Most of us have moments from our past that had a profound impact on us, on what we understood about ourselves, our children, how we parent, what are responsibilities are and how we deal with challenges. New awarenesses and clearer understanding can be powerful having both short term and long-term impact.
I had such a moment decades ago when my children were very young. When thinking about writing this blog I remembered a book with information that caused me to pause, reflect and forever change how I approached my parenting and my life. It was one of those “Wow, this is big!” moments. I am now revisiting that a-ha moment to apply it to the events in our world today.
Curious? The book, still one of my all-time favorites, is Your Child’s Self-Esteem by Dorothy Corkhill Briggs. In describing how healthy self-esteem is nurtured, Briggs made the following points:
- Parents are psychological mirrors to their children (and to others I might add).
- Based on our past experiences, personal needs and cultural values, we create a network of expectations about our children, which becomes the yardstick by which we measure a child.
- Our expectations typically are influenced by how we were parented, the messages our culture transmits and the values of our society
- Sometimes expectations for children are a reflection of a parent’s unfinished work from childhood
- Children really question our expectations; instead, they question their personal adequacy.
- What is critical is to have expectations that are fair and realistic, based on the knowledge of child development, keen observations and consideration of the child’s past and present pressures.
Briggs recommends that we identify our expectations and consider why we have them, where they came from and whether they are based on our own needs or the needs of our children.
I had not considered how much my expectations were driving my behaviors towards my children. Once I had this new awareness, there were many times when I paused to reflect on what I was expecting and how fair and realistic each expectation was. I often had to step back and modify an expectation because it really wasn’t fair or reasonable. I had to keep saying that my children’s sense of self was much more important than me possibly placing unfair expectations on them.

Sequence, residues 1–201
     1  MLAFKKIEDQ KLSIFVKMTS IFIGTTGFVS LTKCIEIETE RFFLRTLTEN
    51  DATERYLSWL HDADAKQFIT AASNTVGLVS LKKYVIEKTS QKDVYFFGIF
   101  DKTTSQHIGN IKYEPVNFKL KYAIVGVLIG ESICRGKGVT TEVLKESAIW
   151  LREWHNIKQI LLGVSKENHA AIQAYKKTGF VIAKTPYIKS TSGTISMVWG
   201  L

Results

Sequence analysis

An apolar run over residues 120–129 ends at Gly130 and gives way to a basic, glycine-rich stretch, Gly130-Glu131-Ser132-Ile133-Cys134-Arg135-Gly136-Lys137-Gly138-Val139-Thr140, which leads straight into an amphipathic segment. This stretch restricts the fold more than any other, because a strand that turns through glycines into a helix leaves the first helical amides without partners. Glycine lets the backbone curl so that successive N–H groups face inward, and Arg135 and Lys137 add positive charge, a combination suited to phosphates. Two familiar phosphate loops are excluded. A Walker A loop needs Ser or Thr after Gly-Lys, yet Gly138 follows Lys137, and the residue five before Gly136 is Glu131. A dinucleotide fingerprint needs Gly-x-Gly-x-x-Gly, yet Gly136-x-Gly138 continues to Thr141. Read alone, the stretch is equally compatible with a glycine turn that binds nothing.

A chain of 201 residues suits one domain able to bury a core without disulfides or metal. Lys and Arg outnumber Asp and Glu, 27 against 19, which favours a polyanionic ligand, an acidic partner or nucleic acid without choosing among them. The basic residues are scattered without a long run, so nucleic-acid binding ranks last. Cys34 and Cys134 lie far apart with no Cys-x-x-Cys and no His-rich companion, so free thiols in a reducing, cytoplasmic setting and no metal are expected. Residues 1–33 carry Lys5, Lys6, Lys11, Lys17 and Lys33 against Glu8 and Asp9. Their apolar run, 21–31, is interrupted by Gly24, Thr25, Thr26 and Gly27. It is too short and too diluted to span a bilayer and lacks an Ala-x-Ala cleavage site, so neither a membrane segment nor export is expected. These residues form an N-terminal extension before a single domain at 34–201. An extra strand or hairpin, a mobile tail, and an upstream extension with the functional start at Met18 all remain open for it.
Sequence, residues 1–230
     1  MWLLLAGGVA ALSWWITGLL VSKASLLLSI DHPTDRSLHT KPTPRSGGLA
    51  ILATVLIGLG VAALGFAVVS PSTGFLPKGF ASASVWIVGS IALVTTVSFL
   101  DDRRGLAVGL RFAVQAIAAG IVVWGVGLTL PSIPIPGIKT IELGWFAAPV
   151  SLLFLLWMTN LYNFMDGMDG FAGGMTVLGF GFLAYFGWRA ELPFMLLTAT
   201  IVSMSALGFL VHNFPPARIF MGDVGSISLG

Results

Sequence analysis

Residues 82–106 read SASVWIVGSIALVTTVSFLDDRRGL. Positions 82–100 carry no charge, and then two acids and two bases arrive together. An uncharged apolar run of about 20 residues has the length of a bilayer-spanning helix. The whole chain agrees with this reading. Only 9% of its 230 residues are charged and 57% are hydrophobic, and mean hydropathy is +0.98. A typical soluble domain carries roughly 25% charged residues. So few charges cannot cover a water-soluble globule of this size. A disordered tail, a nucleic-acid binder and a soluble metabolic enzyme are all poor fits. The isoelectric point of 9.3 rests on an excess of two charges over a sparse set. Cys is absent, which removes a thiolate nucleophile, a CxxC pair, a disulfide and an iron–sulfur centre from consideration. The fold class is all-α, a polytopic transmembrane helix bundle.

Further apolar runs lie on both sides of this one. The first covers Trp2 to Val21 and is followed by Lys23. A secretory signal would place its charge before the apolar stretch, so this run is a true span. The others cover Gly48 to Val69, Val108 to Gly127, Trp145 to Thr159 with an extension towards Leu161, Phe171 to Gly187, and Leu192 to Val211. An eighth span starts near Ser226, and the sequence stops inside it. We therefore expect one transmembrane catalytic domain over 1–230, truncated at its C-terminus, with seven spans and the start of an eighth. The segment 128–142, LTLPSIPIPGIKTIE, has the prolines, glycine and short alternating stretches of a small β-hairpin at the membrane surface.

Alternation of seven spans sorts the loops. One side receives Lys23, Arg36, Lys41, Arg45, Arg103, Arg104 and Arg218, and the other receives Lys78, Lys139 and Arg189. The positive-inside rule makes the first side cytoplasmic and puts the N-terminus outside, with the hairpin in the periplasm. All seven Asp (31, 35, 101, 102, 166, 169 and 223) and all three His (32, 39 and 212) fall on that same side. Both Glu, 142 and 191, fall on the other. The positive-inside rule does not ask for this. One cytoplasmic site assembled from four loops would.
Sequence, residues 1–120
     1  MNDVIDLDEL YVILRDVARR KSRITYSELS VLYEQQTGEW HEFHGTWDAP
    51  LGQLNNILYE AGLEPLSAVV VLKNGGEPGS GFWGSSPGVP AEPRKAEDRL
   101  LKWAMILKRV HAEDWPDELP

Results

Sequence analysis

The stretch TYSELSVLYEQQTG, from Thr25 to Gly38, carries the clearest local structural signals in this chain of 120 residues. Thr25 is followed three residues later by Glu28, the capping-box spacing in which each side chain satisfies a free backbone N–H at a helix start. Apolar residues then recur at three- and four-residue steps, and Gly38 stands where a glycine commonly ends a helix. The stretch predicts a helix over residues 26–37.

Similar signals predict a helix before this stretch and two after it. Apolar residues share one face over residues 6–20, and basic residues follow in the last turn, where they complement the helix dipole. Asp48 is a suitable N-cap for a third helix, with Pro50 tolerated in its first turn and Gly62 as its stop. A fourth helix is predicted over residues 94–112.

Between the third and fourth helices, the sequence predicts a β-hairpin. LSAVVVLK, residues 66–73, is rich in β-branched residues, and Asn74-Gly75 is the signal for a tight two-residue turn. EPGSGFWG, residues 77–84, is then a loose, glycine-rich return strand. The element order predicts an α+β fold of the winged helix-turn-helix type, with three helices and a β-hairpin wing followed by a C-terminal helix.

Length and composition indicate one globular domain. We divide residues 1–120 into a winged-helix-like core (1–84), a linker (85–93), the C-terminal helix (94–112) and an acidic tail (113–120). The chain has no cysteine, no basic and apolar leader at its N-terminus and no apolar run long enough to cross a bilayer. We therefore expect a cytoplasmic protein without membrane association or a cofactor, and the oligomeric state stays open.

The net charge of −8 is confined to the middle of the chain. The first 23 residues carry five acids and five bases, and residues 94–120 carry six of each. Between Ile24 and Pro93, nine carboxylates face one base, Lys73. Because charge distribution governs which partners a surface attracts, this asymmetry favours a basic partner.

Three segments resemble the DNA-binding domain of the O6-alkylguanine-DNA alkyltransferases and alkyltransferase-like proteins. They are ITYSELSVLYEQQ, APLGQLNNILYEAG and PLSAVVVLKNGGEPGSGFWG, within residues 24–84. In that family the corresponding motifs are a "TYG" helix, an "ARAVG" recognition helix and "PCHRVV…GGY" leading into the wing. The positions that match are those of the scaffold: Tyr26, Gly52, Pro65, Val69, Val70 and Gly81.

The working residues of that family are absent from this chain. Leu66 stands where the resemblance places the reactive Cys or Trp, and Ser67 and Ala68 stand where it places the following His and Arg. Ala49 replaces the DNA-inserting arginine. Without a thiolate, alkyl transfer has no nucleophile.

What also changed for me was thinking about expectations in general. I found myself considering the expectations I had for myself and examining them through the lenses of how fair and how reasonable each was. I discovered how often I pressure myself because my expectations are beyond what is reasonable.
I think we can apply an awareness for expectations to what is happening in today’s world. I think it is important to pause and consider what we are expecting of ourselves, our family and friends, our schools, others who somehow touch our lives, and even our politicians.
For example, are we expecting that we have the power to sustain a positive, upbeat attitude despite what has been happening in our world and in the world of our children and other family members? Is it fair to expect ourselves to function as we functioned before the pandemic hit, before the many racial injustices were brought to light, before all the unprecedented activities at our Capitol building and throughout the country?
Correcting unfair expectations has a lot to do with our inner self talk. It happens during those conversations we are having in our minds. A long time ago someone told me I had to be careful about “should-ing” all over myself, putting myself down for not meeting the expectations I was imposing on myself.
These are times when we need to be kind to ourselves, not expecting ourselves to function as we normally do because these are not normal times. It’s not fair to expect that of ourselves. We need to keep reminding ourselves that today’s world is filled with toxic stress, where we are living with constant pressure, unpredictability and wondering if we are going to survive at all. We also need to encourage those we love to monitor their expectations and notice when they are being unfair with themselves. By expecting mistakes, moments of poor judgment, inabilities to fulfill responsibilities, we are actually setting much fairer and more reasonable expectations of ourselves and those we love.
Expectations are an interesting force in our lives and need to be monitored so they do not hurt us or others. This is so important in these times. We don’t need the added stress of mentally beating ourselves or others up for not meeting unfair expectations.
Invitation for Reflection:
- Where are you with the specific expectations you have for yourself these days?
- How fair are these expectations?
- What do you need to do to make unfair expectations fairer and more reasonable?
Diane Wagenhals, Director, Lakeside Global Institute